Meanwhile, there is much of interest and importance to learn. The history of climate science is fascinating. For example, we’ve known for 150 years that carbon dioxide traps heat and that increasing its concentration in the atmosphere by burning fossil fuels would heat up the planet. Many people don’t realize that human-induced climate change was predicted more than a century before it began to show up in the data.
Many are also unaware that scientists hired by Exxon more than 40 years ago were tasked with predicting the implications of continued extraction and burning of coal, oil, and gas. The scientists reported back with quite accurate predictions of how much carbon dioxide levels in the atmosphere would rise and how much Earth would heat up in response. But rather than release those findings and change course, Exxon kept them secret, and instead launched a disinformation campaign designed to cast doubt on the science while they continued to ramp up the extraction and sale of oil and gas, making them ever richer as the world descended into a climate crisis.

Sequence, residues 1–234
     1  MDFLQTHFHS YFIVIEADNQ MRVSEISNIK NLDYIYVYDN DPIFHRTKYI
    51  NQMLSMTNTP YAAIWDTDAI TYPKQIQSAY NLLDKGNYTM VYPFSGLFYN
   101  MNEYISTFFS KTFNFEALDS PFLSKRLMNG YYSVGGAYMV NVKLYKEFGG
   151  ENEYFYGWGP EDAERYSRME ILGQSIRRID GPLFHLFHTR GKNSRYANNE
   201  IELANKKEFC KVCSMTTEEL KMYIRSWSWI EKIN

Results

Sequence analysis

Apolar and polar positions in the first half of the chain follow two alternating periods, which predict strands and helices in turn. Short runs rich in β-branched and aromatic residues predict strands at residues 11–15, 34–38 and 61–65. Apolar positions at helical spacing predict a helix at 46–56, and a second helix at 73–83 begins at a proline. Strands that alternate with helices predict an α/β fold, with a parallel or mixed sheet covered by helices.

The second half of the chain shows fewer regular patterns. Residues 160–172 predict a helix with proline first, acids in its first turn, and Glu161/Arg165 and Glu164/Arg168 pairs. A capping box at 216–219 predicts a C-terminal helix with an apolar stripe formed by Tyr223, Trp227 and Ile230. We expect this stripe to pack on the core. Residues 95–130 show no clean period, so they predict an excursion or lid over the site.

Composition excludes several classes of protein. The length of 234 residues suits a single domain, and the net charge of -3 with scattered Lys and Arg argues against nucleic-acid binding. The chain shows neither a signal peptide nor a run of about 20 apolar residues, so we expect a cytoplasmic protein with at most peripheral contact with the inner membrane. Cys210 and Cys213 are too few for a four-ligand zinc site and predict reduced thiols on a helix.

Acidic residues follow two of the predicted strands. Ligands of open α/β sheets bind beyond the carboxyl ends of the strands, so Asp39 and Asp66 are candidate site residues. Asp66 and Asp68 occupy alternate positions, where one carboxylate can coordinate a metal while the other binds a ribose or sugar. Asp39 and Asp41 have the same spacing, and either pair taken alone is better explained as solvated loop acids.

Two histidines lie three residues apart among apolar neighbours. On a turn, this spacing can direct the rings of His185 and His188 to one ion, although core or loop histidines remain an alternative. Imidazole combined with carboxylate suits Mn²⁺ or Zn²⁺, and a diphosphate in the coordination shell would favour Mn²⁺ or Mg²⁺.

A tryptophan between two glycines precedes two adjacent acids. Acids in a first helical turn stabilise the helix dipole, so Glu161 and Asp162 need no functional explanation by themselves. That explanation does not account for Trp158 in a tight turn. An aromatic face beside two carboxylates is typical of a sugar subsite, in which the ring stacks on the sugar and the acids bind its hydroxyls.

The climate change story is both fascinating and infuriating. There are heroes and there are villains. These stories need to be told.
We must provide our teachers and students with the best available information on climate science and policy in forms they can understand and use. They must be able to understand how and why Earth’s climate is changing, what it means for us, and what we can do about. They must understand the choices we face, and the urgency of action. Our future depends upon it.
Read other essays from our #ClimateEdNow series.